along the shore of Lake Michigan, Illinois.
The Chicago skyline along the shore of Lake Michigan, Illinois. © Arkadiusz Ziomek

Stories in Illinois

Nature: A Valuable Solution in the Fight For Urban Health

Research shows that nature can benefit human health in cities.

Headshot of Michelle Carr.
Michelle Carr State Director, Illinois


Human health depends on nature—from the food we eat to the air we breathe.  Nature is not an abstract notion, or a luxury item only to be enjoyed by a few.  And as city dwellers, urban nature is more important to us now than ever before.

Cities like Chicago are at a crossroads. The infrastructure we rely on to keep us safe is aging. The water we drink is threatened by storm water runoff and contaminants like lead. The air we breathe is, at times, too hot and too polluted to be safe. These conditions present very real threats to human health. And as our urban areas grow—by 2050, it is estimated that 3 out of 4 people will live in cities—and the climate changes, they are only going to get worse.

Unless, that is, we come together to find solutions—and at The Nature Conservancy, we know that one solution is nature. Research shows that nature has a clear public health benefit, from green infrastructure that cleans and cools the air we breathe and filters and stores the water we use, to the crucial role biodiversity plays in the food chain, to parks and natural areas that help combat obesity and improve mental health. Yet despite mounting evidence, we don’t yet know what the right “dose” of nature is that will help address the many serious health threats to urban residents.

That’s why opportunities that bring together local and global urban experts across disciplines are becoming ever more important. Recently, the Chicago Council on Global Affairs hosted the Pritzker Forum on Global Cities, an event that convened thought leaders on the subject of healthy cities. I was proud to serve on a panel alongside Rev. Dr. Otis Moss, the Senior Pastor at Trinity United Church of Christ in Chicago; Dr. Aruni Bhatnagar, the Smith and Lucille Gibson Professor of Medicine at the University of Louisville; Dr. Cathy Dimou, the Midwest Market Medical Executive for Cigna Healthcare; Fernando Medina, Mayor of Lisbon; and moderator Karen Weigert, a non-resident Fellow of the Council and Vice President at Slipstream. We, along with more than 30 individuals from different universities, the city’s health department, Cook County Forest Preserve, Chicago Park District, and other institutions, talked about the health issues cities are facing, and how there’s an inexpensive, yet neglected, solution with huge potential: nature.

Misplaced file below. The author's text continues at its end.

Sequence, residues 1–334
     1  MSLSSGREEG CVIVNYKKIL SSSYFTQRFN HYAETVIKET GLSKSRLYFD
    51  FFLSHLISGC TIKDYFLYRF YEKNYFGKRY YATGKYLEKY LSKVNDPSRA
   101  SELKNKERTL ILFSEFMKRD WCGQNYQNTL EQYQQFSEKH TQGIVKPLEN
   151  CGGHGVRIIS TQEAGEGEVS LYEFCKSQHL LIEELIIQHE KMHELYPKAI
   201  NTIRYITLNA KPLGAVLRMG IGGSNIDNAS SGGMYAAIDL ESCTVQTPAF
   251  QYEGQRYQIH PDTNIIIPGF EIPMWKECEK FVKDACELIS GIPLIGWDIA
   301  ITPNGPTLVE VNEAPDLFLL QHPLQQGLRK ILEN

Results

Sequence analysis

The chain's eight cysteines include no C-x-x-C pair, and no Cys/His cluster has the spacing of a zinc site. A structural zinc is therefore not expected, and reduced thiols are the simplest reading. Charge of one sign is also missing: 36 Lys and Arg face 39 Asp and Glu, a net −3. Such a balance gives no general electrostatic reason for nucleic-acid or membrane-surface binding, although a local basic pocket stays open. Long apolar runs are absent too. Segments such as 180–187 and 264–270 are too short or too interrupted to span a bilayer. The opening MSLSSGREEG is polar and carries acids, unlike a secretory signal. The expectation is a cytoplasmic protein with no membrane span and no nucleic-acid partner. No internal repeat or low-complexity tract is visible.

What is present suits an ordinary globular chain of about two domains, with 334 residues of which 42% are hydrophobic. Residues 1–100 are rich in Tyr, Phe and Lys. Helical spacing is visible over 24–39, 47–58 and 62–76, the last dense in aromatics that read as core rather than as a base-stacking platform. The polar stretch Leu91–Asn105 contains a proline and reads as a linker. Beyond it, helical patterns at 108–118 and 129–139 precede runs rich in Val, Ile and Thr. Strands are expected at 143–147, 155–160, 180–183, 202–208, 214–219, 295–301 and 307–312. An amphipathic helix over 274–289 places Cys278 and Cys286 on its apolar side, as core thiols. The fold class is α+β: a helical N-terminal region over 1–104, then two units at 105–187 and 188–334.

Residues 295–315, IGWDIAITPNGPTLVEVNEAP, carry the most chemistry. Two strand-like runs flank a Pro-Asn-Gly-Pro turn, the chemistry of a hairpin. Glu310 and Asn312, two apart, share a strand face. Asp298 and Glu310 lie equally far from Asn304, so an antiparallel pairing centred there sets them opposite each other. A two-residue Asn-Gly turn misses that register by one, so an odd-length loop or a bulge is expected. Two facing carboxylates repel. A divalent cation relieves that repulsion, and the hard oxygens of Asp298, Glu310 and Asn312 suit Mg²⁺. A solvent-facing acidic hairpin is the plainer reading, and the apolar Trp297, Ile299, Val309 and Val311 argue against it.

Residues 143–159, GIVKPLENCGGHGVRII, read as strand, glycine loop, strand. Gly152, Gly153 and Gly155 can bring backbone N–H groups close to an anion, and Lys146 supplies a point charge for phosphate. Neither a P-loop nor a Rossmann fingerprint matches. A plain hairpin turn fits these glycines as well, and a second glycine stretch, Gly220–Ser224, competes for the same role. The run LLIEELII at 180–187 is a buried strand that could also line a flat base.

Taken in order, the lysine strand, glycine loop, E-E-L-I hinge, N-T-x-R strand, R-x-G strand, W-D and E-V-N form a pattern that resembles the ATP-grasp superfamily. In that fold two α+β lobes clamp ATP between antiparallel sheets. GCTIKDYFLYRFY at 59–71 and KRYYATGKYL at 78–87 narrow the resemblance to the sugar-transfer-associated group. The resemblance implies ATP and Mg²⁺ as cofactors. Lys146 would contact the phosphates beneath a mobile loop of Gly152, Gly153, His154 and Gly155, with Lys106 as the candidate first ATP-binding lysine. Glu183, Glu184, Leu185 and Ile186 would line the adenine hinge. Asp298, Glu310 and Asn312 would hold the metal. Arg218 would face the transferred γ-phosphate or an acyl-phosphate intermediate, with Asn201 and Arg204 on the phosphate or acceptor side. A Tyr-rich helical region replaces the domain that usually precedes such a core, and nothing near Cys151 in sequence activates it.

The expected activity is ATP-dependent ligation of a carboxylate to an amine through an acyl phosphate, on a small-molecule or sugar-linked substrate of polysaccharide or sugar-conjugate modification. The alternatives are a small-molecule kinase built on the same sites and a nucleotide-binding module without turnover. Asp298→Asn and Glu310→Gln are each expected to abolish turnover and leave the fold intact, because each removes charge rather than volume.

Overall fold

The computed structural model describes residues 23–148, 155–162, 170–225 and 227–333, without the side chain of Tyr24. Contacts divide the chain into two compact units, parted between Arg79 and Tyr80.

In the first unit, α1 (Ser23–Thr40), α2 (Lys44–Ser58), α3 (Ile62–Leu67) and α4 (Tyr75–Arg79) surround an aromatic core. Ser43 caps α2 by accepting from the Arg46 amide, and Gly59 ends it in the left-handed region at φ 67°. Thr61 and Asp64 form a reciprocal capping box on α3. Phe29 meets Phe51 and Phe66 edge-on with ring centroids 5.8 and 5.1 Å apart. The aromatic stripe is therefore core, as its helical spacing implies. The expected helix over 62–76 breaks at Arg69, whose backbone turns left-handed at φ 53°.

During our discussion, Rev. Dr. Moss discussed a healing garden being developed at Imani Village to help patients at Imani’s health center, as studies show these green spaces help people heal faster. (TNC is thrilled to be assisting with the development of this garden.) Dr. Bhatnagar explained his work with our Kentucky chapter to understand how urban trees reduce the incidence of heart disease. Mayor Medina described how the City of Lisbon took measures to become the European Green Capital for 2020. And Dr. Dimou delved into macro-level challenges like climate change.

Understanding how nature can improve human health is a huge undertaking, and while none of us yet have the full picture, each of us has a piece of the puzzle. Next, we need community organizers, doctors, urban planners, faith leaders, policy makers, elected officials, business owners, professors, and so many others to gather to share experience, knowledge, and lessons learned, so that we can start creating the body of knowledge and evidence that our cities need to thrive. Events such as the Pritzker Forum and the Mayors Training Program, which I participated in last year, are great opportunities to foster this exchange of knowledge at both a local and global scale.  At TNC, we might be new to the conversation, but we’re working hard to dial it up. I hope you’ll join us.

Headshot of Michelle Carr.

Michelle Carr is the state director for The Nature Conservancy in Illinois.

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